BANGKOK (Reuters) - Hundreds of thousands of people are being trafficked by criminal gangs and forced to work in scam centres and other illegal online operations that have sprung up across Southeast Asia in recent years, the United Nations said in a report on Tuesday.
The report cited "credible sources" estimating that at least 120,000 people across Myanmar and around 100,000 in Cambodia may be trapped in scam operations, with other criminal-owned enterprises in Laos, the Philippines and Thailand ranging from crypto-fraud to online gambling.
"People who are coerced into working in these scamming operations endure inhumane treatment while being forced to carry out crimes. They are victims. They are not criminals," said U.N. High Commissioner for Human Rights Volker Turk.
Cambodian police spokesperson Chhay Kim Khoeun said he had not seen the U.N. report but queried the number.
"I don't know how to respond, where did they get the (100,000) number from? Have they investigated? Where did they get the data? Foreigners are just saying things."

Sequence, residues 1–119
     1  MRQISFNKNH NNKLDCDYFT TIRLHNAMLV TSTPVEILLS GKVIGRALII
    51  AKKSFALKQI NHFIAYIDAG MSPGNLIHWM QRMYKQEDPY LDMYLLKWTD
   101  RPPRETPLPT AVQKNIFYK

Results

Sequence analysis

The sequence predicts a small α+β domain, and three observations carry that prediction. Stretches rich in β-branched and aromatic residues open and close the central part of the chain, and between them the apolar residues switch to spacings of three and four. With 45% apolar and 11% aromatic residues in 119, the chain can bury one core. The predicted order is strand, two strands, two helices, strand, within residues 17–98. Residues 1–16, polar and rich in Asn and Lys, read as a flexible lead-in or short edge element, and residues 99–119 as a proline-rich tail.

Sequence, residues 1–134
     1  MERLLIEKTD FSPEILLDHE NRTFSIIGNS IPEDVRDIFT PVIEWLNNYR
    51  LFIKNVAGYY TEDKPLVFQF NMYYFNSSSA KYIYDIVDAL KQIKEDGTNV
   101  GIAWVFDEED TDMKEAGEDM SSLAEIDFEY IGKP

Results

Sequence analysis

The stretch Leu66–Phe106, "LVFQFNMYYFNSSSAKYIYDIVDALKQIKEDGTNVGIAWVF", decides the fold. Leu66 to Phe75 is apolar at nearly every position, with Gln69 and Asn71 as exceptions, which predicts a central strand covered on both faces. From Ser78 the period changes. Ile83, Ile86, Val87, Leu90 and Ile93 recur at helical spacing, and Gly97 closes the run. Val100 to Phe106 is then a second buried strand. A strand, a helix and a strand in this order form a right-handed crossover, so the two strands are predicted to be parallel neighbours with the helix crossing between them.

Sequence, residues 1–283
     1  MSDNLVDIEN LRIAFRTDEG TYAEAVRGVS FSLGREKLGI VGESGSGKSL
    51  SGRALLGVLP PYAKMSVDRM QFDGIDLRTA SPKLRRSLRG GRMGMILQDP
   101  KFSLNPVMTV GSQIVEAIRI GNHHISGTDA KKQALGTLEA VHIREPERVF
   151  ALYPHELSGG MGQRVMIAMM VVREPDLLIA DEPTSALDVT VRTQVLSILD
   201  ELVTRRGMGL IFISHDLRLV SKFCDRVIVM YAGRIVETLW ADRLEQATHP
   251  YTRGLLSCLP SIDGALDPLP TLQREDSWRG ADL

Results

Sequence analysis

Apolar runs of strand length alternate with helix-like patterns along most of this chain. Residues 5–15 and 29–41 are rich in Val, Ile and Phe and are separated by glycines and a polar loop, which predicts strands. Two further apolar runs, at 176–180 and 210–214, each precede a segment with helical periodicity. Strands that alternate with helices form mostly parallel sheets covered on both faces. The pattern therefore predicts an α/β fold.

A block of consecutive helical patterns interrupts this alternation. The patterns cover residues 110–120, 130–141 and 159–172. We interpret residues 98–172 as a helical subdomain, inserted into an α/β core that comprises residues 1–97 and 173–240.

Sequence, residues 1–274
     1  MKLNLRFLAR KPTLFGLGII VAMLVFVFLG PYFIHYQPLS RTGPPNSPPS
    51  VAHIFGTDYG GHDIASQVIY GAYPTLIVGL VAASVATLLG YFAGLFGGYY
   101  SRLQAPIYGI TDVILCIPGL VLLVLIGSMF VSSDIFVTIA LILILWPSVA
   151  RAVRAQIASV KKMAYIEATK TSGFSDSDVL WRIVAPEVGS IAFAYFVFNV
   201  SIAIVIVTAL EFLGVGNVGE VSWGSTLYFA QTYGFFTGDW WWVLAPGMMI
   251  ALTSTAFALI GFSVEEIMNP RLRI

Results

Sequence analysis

Myanmar's military-run government did not respond to requests for comment.
The U.N. Human Rights Office report was one of the most detailed of the phenomenon that has emerged since the COVID pandemic, fuelled by closure of casinos that prompted moves into less regulated areas in Southeast Asia.
The fast-growing scams centres are generating billions of U.S. dollars in revenue each year, the report said.
"Faced with new operational realities, criminal actors increasingly targeted migrants in vulnerable situations ... for recruitment into criminal operations, under the pretence of offering them real jobs," the report said.
It said most of the trafficking victims were from other Southeast Asian countries as well as China, Taiwan and Hong Kong, but some were recruited from as far away as Africa and Latin America.
The U.N. rights office called on regional governments to strengthen rule of law and tackle corruption to "break the cycle of impunity" that allows criminal enterprises to thrive.
(Writing by Kay Johnson; Editing by Nick Macfie)